This rule is tied to the number of rental days rather than the amount of rent collected, so there’s no upper limit on the rental earnings that can be squeezed into this exception. If your home happens to be across the street from a popular event that lasts no more than 14 days (say, the Super Bowl or a major golf tournament), you could charge exorbitant rates for a short-term rental and pocket the money without paying a cent to the IRS. Everything else on your tax return is the same as if the house were for personal use only.
4) Personal residence with many renters
Congress’s generosity goes only so far. When a second home that qualifies as a personal residence is rented out for more than 14 days in a year, all rental income must be accounted for on your tax return. So think hard before renting out your second home for more than two weeks per year. The fifteenth day of rental activity has the practical effect of recapturing all 14 days of tax-free rental income you were otherwise able to enjoy.
This interplay of rules requires some strategic planning on your part. Strange as it seems, it might be in your interest to give away a few days of free or discount lodging. Remember, renting for less than market rates counts as personal use. While there’s an obvious loss of rental income, it can keep your total rental days at or below the magic number of 14 and salvage the tax benefits.
Be careful here; IRS auditors are not fools. Reasonable minds can differ as to what constitutes an arm’s-length rate and what size discount passes muster as personal use. The safest approach is to rely on your past rental history as well as on verifiable rates for comparable units. If your second home is in a condo development where other rentals have similar features, you’ve found an obvious data source for comparables.
What if your second home is well beyond 14 days of rental activity, but you still have personal residence status under the 14-day/10% rule? The problem in this scenario lies in the complexity of accounting for your real-estate expenses. Many of those expenses still can be claimed as tax deductions, but they must be allocated between personal and rental use. The former are reported on Schedule A, the latter on Schedule E.
The paperwork can be tricky, so a numerical example might help. Say you rent out your second home for six months, use it as a vacation spot for two months, and let it sit vacant for the rest of the year. Your personal use (60 days) easily exceeds the 14-day/10% test. The property is a personal residence despite the high number of rental days. This confuses people all the time, but it’s how the rule works.
Your rental income for those six months must be reported on Schedule E. The interest and property taxes must be allocated between the respective periods of rental and personal use. Some portion of the interest deduction goes on Schedule A (personal usage), and the rest appears on Schedule E (rental activity).
Crunching the numbers, we see the sixmonth rental represents half the year, so 50% of the interest and property taxes is deducted on Schedule E. Personal use is also six months (two months’ vacation, four months’ vacancy), meaning 50% of the interest and property taxes also is deducted on Schedule A.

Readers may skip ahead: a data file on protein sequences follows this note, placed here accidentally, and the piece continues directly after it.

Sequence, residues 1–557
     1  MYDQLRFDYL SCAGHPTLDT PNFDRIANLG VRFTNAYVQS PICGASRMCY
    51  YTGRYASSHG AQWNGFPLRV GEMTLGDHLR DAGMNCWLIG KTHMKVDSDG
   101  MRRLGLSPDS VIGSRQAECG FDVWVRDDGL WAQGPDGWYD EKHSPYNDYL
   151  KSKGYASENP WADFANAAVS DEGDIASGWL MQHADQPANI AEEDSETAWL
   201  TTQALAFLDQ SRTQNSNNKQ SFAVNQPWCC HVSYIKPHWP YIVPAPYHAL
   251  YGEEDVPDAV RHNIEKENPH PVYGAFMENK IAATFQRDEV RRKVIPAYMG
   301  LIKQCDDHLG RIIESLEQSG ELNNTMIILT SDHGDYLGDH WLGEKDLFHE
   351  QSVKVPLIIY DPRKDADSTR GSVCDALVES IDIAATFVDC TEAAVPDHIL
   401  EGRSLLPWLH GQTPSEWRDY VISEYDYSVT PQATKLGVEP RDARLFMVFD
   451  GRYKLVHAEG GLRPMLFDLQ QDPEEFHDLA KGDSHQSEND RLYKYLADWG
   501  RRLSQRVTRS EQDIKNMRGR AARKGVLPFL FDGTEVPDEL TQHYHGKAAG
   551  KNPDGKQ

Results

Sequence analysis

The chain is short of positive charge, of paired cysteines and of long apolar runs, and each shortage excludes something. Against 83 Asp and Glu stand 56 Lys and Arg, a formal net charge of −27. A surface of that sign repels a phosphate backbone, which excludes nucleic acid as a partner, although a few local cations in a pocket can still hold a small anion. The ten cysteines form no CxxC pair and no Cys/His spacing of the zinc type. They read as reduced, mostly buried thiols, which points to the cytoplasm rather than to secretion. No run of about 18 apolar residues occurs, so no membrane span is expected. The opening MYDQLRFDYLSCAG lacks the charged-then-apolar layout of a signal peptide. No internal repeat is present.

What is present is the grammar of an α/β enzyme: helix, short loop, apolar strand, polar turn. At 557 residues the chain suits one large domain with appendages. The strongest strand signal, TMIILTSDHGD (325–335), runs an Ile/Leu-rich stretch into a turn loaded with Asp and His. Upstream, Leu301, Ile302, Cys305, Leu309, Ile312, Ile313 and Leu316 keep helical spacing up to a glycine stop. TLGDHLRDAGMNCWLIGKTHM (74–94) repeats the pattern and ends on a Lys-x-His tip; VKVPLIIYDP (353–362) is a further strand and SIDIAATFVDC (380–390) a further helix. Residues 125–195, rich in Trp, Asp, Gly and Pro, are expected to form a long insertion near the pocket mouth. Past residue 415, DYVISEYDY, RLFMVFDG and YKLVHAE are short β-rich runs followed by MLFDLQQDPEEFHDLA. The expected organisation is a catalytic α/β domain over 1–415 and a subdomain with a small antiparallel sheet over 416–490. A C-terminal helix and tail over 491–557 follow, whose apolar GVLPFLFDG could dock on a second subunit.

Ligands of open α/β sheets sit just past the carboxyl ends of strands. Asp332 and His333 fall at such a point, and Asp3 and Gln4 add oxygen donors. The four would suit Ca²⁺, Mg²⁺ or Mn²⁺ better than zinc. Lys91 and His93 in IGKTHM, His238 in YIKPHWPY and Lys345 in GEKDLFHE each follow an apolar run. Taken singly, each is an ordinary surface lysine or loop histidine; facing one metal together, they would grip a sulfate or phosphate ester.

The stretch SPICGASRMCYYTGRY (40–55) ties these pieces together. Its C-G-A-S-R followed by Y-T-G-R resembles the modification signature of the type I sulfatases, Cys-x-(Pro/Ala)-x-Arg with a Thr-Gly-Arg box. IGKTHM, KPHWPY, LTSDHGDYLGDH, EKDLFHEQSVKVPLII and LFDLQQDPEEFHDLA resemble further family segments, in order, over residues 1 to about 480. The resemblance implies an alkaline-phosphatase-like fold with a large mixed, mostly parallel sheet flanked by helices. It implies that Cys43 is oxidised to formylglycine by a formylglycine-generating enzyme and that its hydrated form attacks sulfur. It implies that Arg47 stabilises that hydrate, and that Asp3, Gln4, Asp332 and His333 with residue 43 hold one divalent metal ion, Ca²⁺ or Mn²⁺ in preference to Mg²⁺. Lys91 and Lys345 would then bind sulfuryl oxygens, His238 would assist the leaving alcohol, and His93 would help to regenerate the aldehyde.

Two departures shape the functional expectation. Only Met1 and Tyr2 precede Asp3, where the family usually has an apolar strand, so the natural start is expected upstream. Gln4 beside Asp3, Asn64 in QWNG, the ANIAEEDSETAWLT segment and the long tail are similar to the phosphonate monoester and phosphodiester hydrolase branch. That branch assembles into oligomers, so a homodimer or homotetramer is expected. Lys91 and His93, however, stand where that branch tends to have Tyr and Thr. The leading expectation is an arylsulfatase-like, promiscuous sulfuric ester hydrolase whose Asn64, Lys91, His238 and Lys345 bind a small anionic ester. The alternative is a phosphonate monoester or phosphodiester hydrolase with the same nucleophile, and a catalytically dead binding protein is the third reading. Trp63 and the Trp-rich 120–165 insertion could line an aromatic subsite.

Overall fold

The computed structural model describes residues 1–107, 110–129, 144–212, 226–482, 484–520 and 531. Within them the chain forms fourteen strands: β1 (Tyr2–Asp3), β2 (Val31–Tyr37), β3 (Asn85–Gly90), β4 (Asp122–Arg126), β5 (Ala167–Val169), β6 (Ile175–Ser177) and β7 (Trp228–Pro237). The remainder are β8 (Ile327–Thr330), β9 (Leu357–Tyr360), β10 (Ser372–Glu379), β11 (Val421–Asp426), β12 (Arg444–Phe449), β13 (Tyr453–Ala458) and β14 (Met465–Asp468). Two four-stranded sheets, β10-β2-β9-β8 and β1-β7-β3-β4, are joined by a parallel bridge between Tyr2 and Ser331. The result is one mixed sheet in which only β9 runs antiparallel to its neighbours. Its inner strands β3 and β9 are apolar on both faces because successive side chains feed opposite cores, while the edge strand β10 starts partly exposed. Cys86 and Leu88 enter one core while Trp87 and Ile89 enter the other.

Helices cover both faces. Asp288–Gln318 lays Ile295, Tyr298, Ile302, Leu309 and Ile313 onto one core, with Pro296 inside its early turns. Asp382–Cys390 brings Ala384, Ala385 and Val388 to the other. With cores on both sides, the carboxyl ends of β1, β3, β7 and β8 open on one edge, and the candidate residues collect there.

Next, you claim the appropriate deduction for maintenance expenses, again allocating between rental and personal use. The mechanics are a bit different, though, because the vacant periods are ignored. The second home saw eight months of actual use: six months’ rental (75%), two months’ personal (25%).
In the end, Schedule E includes 100% of rental income offset by 50% of interest and property taxes and 75% of maintenance and operating expenses. You hope these deductions completely zero out your rental income. Schedule A includes itemized deductions for the remaining 50% of interest and property taxes, but none of the remaining balance (25%) for maintenance expenses, which can never be claimed on Schedule A.
5) Rental property with personal use
The final scenario involves a second home treated as a rental property for tax purposes, but that sees some personal use. Say you rent out the house for eight months (240 days) and use it as a vacation home for 20 days. Under the 14-day/10% test, this is a rental unit. You’d need a few more days of personal use for it to be a personal residence (10% of 240 is 24 days).
You must allocate your deductible expenses between rental and personal use—that should come as no surprise by now. This time, your deductions for interest, property taxes, and maintenance are allocated according to actual days used, ignoring vacant periods. The rental allocation is 240/260 (92%), and that share of the deductions is claimed on Schedule E. The personal-use allocation is 20/260 (8%), so that share of property taxes is claimed as an itemized deduction on Schedule A. Here, you cannot claim an itemized deduction for the personal share of interest expense. That’s because the home is treated as an investment property, not as a personal residence.
You’re on your way
OK, some of the rules are complicated. But most second-home expenses are deductible most of the time, so a large share of your rental income can be protected from taxes. And you might be able to depreciate the property, even if the real-world value is appreciating. Who can beat that?